So he sees a correlation here and it's irresistible to him because of course if he can spark panic about this, then he can create a tremendous amount of attention and then he can be the one stepping forward to try to, you know, prescribe a problem. But this isn't going to help, right? This isn't going to help because the problem is complex.

Let's concede that moving one's eyes from the park to the phone is not healthy. I think it would be hard to argue otherwise, right? We experience in our daily lives, it's just so obviously not as healthy as running and playing and playing kickball and softball and street hockey and all of those things, right? So at the same time, let's concede that people do engage with these screens and the apps on them for reasons that are important to them. It's not a default. People have particular uses and needs that they're satisfying by moving to these phones. So again, let's concede it's not great. But that leaves us a huge gap between not great or even bad on balance, and being the chief cause of this high level of distress. When a much more reasonable explanation, and I think a richer explanation, is that a number of factors work synergistically to affect not only an individual's mental health state, but collectively a population's mental health state. It's safe to say that there are people in our country in our communities who are better off because their screens, their phones, the apps on their phones allow them to build community, allow them to find people who have gone through similar experiences to whatever stress or distress they're experiencing, right? People who find mentors, people who find guides. This has been well documented among queer youth for many, many decades, right? That

that the ability to reach out beyond your immediate surroundings and find stories and role models and guides and peers could be crucial to surviving some of the most and thriving through some of the most stressful developmental moments that a person can go through. And so for someone in a hostile family or an uncaring or an unreasonable family, or an unreasonable community or church or whatever, these sorts of tools can be crucial. Now, who knows how many young Americans use these tools for that purpose, but we know it's not zero. We know it's significant and we know it's important to them. We also know that children whose families are dissolving or children whose families have lost wealth, houses, jobs, over the cascading economic crises, first the 2008 crisis and its long legacy wiping out American wealth, and then the COVID crisis, right? The sort of two convulsions happening in their lifetimes. How many found solace, community distraction, fun, joy through their screens when nothing else was available?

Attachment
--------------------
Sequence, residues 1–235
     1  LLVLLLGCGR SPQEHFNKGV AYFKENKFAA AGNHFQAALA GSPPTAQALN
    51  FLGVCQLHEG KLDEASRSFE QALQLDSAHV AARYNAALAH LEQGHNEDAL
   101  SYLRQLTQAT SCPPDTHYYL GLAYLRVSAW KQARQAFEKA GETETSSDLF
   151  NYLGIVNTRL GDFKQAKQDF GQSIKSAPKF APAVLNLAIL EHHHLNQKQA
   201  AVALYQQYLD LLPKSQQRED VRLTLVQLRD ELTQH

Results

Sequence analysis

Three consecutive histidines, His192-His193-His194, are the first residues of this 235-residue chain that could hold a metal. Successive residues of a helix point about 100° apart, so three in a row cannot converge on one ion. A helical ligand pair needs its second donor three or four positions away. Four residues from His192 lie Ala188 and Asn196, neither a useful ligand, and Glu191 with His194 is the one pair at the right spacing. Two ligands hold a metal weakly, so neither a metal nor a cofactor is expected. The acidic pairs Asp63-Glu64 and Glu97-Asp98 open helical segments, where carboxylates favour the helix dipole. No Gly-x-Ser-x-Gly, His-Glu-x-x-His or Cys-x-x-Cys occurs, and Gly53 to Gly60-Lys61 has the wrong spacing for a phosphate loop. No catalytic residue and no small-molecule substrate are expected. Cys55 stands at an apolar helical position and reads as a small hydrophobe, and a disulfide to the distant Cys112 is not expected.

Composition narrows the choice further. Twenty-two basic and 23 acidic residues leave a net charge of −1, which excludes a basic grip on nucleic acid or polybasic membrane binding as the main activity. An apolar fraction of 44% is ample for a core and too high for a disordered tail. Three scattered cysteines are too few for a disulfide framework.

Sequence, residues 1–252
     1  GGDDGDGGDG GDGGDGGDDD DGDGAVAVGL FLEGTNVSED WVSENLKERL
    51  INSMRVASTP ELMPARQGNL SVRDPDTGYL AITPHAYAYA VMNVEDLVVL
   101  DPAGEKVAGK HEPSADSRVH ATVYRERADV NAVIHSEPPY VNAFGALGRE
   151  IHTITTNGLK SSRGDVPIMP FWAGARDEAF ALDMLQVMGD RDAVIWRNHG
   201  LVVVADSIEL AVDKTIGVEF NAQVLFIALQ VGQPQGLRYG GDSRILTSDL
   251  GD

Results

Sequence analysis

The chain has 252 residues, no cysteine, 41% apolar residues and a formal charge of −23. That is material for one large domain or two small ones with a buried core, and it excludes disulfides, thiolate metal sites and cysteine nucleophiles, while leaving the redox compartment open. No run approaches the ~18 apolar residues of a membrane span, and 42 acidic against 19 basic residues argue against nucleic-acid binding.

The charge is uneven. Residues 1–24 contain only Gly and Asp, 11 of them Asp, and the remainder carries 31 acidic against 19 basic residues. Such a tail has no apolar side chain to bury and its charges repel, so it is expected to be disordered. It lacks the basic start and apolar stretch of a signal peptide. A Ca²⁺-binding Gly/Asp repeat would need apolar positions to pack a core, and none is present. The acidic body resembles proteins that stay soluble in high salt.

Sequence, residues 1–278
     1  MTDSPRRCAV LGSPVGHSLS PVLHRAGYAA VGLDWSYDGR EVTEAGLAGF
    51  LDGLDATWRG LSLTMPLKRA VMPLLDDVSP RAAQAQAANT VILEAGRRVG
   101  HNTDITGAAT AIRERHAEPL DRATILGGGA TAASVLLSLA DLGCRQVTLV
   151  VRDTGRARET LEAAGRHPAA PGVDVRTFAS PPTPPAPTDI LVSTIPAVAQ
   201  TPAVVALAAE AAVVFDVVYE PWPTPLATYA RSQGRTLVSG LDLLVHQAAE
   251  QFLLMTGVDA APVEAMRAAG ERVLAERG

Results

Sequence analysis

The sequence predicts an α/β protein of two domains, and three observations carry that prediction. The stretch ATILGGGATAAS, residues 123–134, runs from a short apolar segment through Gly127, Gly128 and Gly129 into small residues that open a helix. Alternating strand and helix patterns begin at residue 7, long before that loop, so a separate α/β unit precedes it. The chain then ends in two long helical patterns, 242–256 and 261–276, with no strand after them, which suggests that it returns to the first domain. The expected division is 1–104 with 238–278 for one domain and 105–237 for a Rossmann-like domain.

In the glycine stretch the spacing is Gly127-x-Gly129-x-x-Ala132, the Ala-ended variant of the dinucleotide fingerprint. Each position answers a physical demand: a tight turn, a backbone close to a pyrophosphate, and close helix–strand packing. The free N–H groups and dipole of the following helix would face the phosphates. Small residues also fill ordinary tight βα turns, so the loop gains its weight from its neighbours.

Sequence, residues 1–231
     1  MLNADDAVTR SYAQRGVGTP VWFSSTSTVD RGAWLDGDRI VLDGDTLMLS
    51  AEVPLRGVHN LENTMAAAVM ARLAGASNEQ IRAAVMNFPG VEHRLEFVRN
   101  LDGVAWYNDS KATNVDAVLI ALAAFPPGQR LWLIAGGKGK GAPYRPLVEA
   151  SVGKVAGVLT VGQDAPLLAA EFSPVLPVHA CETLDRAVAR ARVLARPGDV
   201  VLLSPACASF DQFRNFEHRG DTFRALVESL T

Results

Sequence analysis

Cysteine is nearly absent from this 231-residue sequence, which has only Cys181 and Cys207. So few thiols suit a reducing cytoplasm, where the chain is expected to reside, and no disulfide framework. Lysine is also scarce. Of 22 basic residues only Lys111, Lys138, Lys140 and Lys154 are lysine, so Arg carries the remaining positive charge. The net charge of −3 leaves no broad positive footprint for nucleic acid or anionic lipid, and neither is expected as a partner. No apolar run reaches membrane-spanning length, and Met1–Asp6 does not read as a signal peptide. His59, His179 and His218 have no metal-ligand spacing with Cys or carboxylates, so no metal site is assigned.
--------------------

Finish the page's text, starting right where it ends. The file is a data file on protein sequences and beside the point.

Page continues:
So going back to this question, remember, Haidt has a two-part diagnosis, but he and everyone reading him seems to be only focusing on the second part of the diagnosis. The first part of the diagnosis is that childhood has changed. We've gone from having a sense of free-range immersion in our immediate surroundings, our physical landscape, our communities, other people face to face, and shifted our behavior toward these screens and it has not been healthy, right? So you don't even have to go as far as height to say the problem is the phones. Maybe the problem is everything else in society, right? Maybe the problem is that everything else in society seems scary, unfriendly, unwelcoming, not permitted by certain parents, right? And the only reasonable escape is to go to one screen. Now Dana Boyd did tremendous qualitative research on these very questions about a decade ago before smartphones themselves were the screen of question and when there were plenty of other platforms accessible largely through computers that young people were starting to use.

And it was really clear from the deep interviews she did with hundreds of young people around the country that the strategies were worth paying attention to. That what the young people were saying is, yeah, there are things in my life that are suboptimal, that are stressful, that maybe my parents or my older siblings had ways of dealing with that are no longer available to me. There's no place to safely hang out, right? If I hang out in the community, the police are gonna mess with me or the mall security guards are gonna mess with me or the mall's closing down anyway after 2008, right? Pretty much all the malls in the country closed down, right? So all of these spaces, the parks, the malls, they're in disrepair or recession. And so the places where young people can learn to be themselves and be with others and figure themselves out.

They're disappearing from real space. So again, Dana Boyd documented all of this and that is a widespread analysis, right? It's not just one device. It's not just one technology. In fact, what we learn from that work and Dana Boyd was not the only one. There were a number of other people doing this sort of qualitative research on young people at this time of great change when social media was really booming even before people got phones, right? When the days of MySpace and early Facebook, what we see time and time again is that the problem is us, the problem is society, the problem is adults, and that young people are trying to cope, and they're coping by going toward an occasional endorphin rush, whatever else these devices offer them, everything from community and solidarity, and friendship to pornography and games and paranoia and conspiracies, right? You've got all of these potential temptations that can give one some sort of comfort, community or distraction in a society that is otherwise unfriendly and untrusting of many American young people.